American conservatives, in contrast, haven’t held unified national power — the White House and both chambers of Congress — since the Great Depression, except for a few years under George W. Bush. This brief time in power ended so catastrophically that it created a conservative identity crisis that’s still going on today — with Tea Partiers, Wall Street conservatives, white nationalists and others each fighting for the title of “true conservative.” Despite their differences, they share one thing in common: Their principles are overwhelmingly not practical — they are expressive and ideological and thus, very ill-suited for shaping comprehensive pragmatic policy on virtually anything. As a result, the plan the party has come up with satisfies different specific conservative factions — just as Bismarck’s plan did — but without any attention to how things actually will function in reality.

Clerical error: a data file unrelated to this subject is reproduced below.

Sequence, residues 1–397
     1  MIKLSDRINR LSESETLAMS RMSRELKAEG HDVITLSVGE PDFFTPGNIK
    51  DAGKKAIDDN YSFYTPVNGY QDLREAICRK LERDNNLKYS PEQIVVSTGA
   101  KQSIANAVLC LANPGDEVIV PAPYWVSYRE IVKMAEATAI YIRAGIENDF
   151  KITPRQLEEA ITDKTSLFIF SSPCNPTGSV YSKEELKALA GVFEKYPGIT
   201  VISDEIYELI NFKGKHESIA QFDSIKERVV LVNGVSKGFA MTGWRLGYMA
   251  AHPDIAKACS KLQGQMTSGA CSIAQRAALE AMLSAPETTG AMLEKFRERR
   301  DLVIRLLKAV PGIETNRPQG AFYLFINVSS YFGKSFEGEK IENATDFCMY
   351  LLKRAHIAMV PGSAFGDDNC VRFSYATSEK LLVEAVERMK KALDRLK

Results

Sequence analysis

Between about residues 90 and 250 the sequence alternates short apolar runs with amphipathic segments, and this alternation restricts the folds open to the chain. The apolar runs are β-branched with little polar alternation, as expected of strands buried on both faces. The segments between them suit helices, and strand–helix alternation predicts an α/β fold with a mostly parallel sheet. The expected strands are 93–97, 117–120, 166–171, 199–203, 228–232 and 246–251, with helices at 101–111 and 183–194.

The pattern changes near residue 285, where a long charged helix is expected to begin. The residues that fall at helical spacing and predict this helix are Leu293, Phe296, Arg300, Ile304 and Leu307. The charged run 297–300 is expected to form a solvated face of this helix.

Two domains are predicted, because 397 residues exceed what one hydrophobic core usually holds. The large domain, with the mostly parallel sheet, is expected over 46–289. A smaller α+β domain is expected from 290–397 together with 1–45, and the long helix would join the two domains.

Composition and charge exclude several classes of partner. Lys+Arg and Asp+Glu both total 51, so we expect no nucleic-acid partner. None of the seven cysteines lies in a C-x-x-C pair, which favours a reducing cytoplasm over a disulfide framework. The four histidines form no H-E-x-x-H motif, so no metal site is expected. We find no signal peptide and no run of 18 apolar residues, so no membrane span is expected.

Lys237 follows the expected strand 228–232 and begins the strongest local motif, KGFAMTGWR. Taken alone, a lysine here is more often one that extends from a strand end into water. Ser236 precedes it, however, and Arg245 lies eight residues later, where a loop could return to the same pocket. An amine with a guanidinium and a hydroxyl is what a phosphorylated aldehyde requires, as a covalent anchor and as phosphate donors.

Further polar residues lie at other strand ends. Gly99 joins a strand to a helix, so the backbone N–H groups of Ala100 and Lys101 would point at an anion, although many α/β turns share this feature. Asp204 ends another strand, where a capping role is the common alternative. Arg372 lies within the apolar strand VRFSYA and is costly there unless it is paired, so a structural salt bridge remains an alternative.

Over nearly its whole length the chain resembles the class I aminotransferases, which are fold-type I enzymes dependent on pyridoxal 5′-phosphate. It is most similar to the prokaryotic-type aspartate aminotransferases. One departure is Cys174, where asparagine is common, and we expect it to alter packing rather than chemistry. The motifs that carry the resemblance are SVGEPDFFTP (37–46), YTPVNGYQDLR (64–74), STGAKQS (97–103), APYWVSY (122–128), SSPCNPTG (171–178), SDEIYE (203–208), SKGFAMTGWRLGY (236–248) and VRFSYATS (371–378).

In January, before the GOP’s plan was unveiled, a study from the Milken Institute School of Public Health at George Washington University warned that repeal of two key provisions of Obamacare could lead to the loss of 2.6 million jobs in 2019 alone, rising to almost 3 million by 2021. Bismarck would have taken that study seriously. Trump and Ryan have not. Instead, here’s the reality of what they’re proposing to do:
First, the Trump/Ryan plan is a massive tax cut for the rich. An analysis released by the Joint Committee on Taxation projected almost $600 billion in tax cuts through 2026, of which almost half would go to wealthy Americans. Those in the top 0.1 percent would get an annual average tax cut of almost $200,000.